What's going on?
Britain might’ve lost a few battles last year, but it’s finally won the war: data out on Friday showed the UK economy grew at its fastest since 1941 last year.
What does this mean?
First, let’s address the Omicron in the room: Britain’s economy was 0.2% smaller in December than the month before, as workers stopped working, shoppers stopped shopping, and merrymakers stopped making merry. Thing is, economists were expecting the economy to shrink by three times as much as that, potentially having misjudged just how effective the booster rollout in the country really was. That means the economy still managed to grow 1% last quarter versus the same time the year before, leaving it just 0.4% below pre-pandemic levels. And that helped it grow by 7.5% in 2021 overall – a spit in the eye of the 9.4% contraction it suffered in 2020, and making Britain the fastest-growing advanced economy of 2021.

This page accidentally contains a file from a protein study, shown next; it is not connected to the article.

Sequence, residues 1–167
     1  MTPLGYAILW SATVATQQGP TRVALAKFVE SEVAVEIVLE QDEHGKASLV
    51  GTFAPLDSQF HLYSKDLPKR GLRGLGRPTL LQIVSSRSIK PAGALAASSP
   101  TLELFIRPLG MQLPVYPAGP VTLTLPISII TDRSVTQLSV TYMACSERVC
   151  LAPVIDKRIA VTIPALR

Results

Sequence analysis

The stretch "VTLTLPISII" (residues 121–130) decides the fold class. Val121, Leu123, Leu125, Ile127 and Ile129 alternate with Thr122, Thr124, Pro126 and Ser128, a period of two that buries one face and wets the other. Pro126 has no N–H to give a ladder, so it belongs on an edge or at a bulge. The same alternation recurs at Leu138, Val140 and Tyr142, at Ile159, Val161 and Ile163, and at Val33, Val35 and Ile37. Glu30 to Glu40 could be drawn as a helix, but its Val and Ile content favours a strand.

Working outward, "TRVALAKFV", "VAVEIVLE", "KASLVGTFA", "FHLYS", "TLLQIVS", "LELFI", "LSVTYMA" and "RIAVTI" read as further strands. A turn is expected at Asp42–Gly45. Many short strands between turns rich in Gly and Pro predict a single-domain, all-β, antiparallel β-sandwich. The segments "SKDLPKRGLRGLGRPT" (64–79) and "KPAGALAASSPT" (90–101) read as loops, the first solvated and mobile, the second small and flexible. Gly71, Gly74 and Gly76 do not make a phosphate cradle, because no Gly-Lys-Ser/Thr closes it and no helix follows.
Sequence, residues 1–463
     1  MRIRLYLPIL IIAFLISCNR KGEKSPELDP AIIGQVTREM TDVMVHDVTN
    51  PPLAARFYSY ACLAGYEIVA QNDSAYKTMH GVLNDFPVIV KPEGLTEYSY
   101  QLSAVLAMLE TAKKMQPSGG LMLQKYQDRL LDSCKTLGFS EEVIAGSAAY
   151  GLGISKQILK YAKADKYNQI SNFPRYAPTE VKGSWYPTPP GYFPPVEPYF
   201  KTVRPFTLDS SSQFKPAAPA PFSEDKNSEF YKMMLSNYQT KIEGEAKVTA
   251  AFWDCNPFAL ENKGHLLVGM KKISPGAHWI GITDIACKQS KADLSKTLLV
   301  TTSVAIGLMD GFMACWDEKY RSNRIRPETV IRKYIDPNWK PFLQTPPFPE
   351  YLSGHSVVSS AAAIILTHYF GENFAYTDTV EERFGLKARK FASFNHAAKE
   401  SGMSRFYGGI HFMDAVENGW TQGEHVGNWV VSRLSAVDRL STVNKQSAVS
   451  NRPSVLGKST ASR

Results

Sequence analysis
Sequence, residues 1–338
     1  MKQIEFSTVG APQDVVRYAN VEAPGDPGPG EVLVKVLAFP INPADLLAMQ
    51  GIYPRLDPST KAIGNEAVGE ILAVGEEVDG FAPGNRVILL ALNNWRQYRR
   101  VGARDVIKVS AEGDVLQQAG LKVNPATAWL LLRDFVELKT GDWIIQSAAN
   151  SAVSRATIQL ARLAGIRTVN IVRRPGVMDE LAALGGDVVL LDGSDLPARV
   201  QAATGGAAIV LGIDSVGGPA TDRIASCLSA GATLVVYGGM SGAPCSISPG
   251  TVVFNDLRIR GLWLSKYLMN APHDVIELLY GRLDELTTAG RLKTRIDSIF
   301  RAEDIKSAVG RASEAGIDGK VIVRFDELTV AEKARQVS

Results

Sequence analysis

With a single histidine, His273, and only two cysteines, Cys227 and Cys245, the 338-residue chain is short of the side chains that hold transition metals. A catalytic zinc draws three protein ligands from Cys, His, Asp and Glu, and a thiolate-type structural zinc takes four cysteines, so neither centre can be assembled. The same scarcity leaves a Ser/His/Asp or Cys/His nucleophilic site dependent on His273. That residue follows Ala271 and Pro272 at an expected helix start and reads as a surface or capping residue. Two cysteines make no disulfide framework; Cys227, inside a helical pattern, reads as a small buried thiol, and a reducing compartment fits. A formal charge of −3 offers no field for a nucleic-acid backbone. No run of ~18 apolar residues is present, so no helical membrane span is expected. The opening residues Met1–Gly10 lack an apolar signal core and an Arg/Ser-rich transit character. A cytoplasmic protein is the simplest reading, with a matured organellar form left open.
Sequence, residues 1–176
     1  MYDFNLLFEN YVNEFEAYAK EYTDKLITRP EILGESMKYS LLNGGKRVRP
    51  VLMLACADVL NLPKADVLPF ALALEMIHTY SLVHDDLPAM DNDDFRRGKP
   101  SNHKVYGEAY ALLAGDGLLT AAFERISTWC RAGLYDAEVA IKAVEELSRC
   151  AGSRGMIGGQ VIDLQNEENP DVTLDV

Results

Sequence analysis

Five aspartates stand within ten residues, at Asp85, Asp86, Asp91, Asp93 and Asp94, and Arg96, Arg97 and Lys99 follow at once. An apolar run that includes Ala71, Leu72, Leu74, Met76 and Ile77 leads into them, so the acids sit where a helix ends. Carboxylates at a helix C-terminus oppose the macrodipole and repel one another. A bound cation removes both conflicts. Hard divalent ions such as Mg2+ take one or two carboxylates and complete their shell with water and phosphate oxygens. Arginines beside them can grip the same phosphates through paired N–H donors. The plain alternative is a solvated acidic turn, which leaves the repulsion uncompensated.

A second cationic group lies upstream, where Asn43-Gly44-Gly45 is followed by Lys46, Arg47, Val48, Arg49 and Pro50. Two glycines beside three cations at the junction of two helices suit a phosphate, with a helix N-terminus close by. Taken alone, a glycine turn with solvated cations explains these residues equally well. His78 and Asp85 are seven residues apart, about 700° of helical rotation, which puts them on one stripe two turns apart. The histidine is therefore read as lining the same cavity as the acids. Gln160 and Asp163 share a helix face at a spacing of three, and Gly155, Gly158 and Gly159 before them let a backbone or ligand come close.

Why should I care?
The bigger picture: Consider this a one-off.
The UK might want to enjoy this while it lasts: the Bank of England thinks economic growth is now at serious risk from rising prices, which will keep squeezing household finances even when Omicron stops causing trouble. Throw in the tax hikes the UK government has planned, and KPMG economists are forecasting this year’s growth will sit at “just” 3.7%.
Zooming out: Keep saving for that house.
The UK housing market had a hand in this growth, and it’s still going strong: British bank Halifax just revealed that the average British house price hit a record £277,000 ($376,000) in January – up 0.3% from December. Still, that was the smallest monthly increase since June last year, which suggests would-be homebuyers are starting to get cold feet. Halifax certainly thinks so: it said it’s expecting house price growth to slow to a crawl this year.